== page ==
Unemployment Nine: Working from home, or house arrest?

I absolutely love working from home. From a work standpoint, I find myself to be far more productive when I can tune out the typical distractions of an office and focus on what I need to get done. From an economic standpoint, I save a bunch of money by not having to commute and not having to buy lunch (I tried the brown-bagging thing for a while when I was at my last job, but I forgot to bring lunch about one-half of the time, because I am not coherent before noon). From a comfort standpoint, no matter how casual the dress code at your company is, I somehow doubt it accounts for shorts, flannel lounge pants, sweatpants, T-shirts, jerseys, hoodies and hats, which is basically all I’ve worn for 14 months and counting.

House arrest

There are some bad points about working from home, however, and they’ve recently started to hit home (pun intended).

One issue is being completely removed from getting any kind of a sense of the vibe going around the company. Of course, this sometimes happens when working in an office, too – I had no concept, clue or theory that layoffs, including my own, were impending at my old company in October 2008, which was unusual, because we normally knew when things were brewing, even if we didn’t know details.

But in this case, my confusion is about my one remaining part-time job. In the past few weeks, the parent company sold off one Website, laid off the one full-time co-worker I had and bought two companies, including one that covers virtually the same subject matter I’ve been covering.

So, what does this mean? Is this good or bad? Does this mean more work (which would be awesome at this point) or less? Does this increase the potential for a full-time opportunity or grease the skids for departure? As I said earlier, when you’re actually in the office, you pick up on things just from conversations, people’s attitudes and the like. You can’t pick up the same vibes via e-mail and, unfortunately, I’m not quite in that loop, anyway, as any e-mails I’ve gotten have been strictly work-related and not gossip.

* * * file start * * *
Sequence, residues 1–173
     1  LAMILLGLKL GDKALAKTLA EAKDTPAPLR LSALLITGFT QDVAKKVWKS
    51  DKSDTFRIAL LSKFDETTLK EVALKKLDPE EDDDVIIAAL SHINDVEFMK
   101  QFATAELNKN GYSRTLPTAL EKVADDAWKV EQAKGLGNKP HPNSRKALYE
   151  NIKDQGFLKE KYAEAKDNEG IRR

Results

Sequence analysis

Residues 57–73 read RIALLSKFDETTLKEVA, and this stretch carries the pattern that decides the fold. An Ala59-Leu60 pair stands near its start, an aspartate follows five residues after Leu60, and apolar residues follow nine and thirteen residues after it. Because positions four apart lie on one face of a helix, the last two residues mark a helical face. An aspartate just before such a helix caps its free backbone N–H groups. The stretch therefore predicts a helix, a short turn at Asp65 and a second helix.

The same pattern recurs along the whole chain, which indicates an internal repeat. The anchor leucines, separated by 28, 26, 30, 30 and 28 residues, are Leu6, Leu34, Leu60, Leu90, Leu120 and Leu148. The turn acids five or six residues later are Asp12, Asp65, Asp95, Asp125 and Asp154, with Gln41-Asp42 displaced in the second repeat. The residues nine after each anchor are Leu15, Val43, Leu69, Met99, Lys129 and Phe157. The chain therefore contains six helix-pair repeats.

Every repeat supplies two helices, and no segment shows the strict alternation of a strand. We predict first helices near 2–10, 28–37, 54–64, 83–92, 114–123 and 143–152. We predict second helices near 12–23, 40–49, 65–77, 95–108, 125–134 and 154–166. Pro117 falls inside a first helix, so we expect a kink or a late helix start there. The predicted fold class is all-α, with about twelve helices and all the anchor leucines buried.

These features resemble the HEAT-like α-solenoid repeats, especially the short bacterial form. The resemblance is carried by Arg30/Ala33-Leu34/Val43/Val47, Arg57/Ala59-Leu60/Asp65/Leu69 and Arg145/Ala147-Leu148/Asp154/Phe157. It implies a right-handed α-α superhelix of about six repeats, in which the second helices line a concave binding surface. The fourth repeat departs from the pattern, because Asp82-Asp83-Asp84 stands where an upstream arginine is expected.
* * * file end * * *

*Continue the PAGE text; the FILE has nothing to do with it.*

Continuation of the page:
Another problem that is the result of both working from home and making less money due to the loss of my first part-time job: I am seriously going stir-crazy, and there’s not much I can do about it. When I first joined the wide world of unemployment 14 months ago, it was still fall, and I was able to take long walks or go for bike rides just to get out of the house for a little bit and get a little exercise. In January, neither is an option, because I’m not down with hypothermia. I’d go to the gym, but I can’t really afford one right now. And just about anything else costs money that I really don’t have.

It’s even started to affect my after-work life. With only the one part-time job, I clearly have to cut back, so I really have to pick my spots as far as going out. There was a happy hour last night that I’d normally have attended in a heartbeat, but with the National Football League playoffs on this weekend and a friend’s birthday that I just found out about, I opted to skip the happy hour. It would have been nice to get out of this apartment and have a beer or two, but, as I said, I have to pick my spots. That being said, as much as I love this apartment, it’s becoming incredibly boring.

Something really has to break soon. I can’t take much more of this.

One comment on “Unemployment Nine: Working from home, or house arrest?

  1. Deb says:

    I went through this crap a lot back in 2007. It was weird not having a full-time job, and the lack of freedom to go out or buy specialty coffee on a whim was sort of frustrating…

    But you will appreciate these social times so much more when you regain that freedom to spend a little extra. Trust. Really, we spend too much money on useless crap anyway. Maybe this is just a time to communicate more and reassess your values and think up creative ways to enjoy yourselves. We did. And we’re definitely appreciating our social moments more now, even if we spend less than we used to because other priorities have come up since then. We can’t even tell the difference.

    All about perspective. Good luck!

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